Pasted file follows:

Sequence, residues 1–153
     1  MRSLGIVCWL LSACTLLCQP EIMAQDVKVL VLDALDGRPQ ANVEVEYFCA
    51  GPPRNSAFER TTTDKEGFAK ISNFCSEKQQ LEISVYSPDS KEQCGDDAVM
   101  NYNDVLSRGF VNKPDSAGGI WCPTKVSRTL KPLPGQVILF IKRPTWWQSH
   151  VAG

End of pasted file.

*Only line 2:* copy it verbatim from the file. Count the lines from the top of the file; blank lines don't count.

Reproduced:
     1  MRSLGIVCWL LSACTLLCQP EIMAQDVKVL VLDALDGRPQ ANVEVEYFCA